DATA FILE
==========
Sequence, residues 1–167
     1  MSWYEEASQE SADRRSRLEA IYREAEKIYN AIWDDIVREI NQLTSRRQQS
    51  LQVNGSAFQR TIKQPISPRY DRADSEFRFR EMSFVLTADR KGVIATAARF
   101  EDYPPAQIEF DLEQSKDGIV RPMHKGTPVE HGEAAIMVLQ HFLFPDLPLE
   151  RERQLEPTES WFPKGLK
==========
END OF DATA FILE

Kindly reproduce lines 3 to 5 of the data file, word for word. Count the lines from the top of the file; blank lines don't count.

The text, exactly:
    51  LQVNGSAFQR TIKQPISPRY DRADSEFRFR EMSFVLTADR KGVIATAARF
   101  EDYPPAQIEF DLEQSKDGIV RPMHKGTPVE HGEAAIMVLQ HFLFPDLPLE
   151  RERQLEPTES WFPKGLK